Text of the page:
Abraaj Group exhibits extraordinary Middle Eastern art

Sara Elkamel from Dubai, Tuesday 26 Mar 2013

Egyptian artist Iman Issa is among 5 winners of the annual Abraaj Group Art Prize, officially unveiled at Art Dubai in an exhibition entitled 'extra / ordinary'

'Common Elements' by Iman Issa. (Photo: Art Dubai)

The Abraaj Group Art Prize 2013 was awarded to proposals of installations by five emerging artists from the Middle East: Iman Issa from Egypt; Hrair Sarkissian from Syria; Vartan Avakian and Rayyane Tabet from Lebanon, and Huma Mulji from Pakistan. The artists have been working with guest curator Murtaza Vali for the past six months to realise and fine-tune their projects, which were unveiled as per tradition at Art Dubai in an exhibition entitled extra / ordinary held from 19 to 23 March.

Funded by leading private equity investor, the Abraaj Group, the Art Prize seeks to support and showcase exceptional talent emerging in the Middle East, North Africa and South Asia.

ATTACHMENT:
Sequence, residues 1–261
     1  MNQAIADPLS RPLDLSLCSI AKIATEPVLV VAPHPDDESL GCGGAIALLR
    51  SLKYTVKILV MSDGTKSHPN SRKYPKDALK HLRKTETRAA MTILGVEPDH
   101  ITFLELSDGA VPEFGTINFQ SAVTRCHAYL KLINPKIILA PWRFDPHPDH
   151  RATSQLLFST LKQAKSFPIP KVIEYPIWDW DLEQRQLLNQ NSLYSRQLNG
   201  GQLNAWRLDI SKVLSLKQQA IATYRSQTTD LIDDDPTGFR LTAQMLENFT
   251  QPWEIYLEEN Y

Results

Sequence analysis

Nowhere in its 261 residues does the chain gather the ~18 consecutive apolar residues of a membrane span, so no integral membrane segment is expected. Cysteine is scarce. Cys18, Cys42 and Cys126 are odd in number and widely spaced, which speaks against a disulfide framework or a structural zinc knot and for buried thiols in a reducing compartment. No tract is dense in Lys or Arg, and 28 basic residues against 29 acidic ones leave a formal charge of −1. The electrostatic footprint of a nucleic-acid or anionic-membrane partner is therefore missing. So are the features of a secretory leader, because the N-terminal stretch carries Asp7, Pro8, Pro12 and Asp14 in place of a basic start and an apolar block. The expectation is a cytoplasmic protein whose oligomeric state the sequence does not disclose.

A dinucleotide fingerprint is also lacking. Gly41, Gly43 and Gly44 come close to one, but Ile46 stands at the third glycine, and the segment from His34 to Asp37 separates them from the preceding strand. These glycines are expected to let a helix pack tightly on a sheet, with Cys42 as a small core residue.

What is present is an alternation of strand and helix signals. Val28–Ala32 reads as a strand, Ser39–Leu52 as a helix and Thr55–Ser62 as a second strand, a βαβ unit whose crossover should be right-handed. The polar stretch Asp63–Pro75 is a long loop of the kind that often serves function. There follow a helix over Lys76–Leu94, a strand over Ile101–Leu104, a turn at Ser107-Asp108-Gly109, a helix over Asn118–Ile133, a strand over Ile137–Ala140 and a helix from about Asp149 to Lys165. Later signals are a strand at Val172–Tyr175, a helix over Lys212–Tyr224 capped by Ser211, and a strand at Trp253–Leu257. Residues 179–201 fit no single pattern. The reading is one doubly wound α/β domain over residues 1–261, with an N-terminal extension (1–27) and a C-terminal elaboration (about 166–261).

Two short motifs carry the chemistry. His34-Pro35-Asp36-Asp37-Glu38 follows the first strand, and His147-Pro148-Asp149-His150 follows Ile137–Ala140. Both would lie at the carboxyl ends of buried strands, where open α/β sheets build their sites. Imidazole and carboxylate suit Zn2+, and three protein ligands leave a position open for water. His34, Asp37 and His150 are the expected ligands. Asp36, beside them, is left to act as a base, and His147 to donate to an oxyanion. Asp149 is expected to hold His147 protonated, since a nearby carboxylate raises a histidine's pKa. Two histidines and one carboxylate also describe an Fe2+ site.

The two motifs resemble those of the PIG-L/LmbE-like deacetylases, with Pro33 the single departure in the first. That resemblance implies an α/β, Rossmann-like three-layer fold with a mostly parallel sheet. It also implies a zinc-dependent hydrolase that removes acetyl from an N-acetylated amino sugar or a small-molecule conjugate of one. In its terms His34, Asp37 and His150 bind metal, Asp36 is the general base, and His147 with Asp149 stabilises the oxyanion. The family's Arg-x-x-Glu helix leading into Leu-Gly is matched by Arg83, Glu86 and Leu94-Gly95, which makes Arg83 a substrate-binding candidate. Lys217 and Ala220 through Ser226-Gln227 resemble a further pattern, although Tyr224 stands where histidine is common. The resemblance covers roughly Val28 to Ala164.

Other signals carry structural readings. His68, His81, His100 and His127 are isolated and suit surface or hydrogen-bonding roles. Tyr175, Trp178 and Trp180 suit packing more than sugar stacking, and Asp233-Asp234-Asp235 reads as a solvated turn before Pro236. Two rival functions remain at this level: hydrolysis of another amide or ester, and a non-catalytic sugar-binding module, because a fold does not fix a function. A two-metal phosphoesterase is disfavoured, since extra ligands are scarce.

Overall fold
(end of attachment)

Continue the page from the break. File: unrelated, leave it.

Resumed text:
Underlining the annual art grant is a pursuit for projects that transcends geographic borders, while being entrenched in the region from which they emerge. Another curatorial commitment on the part of Abraaj is to toy around with the boundaries of mediums. The result? Five installations that carry political undertones within the context of broader social critique.

Guest curator Murtaza Vali explains that the idea behind this year’s exhibition, extra / ordinary was "not to produce larger than life artwork, but rather to refocus attention on the banal routine of daily life." Vali elaborates that the five winning projects reflect insidious political undertones, while echoing conversations of mundane contemporary life.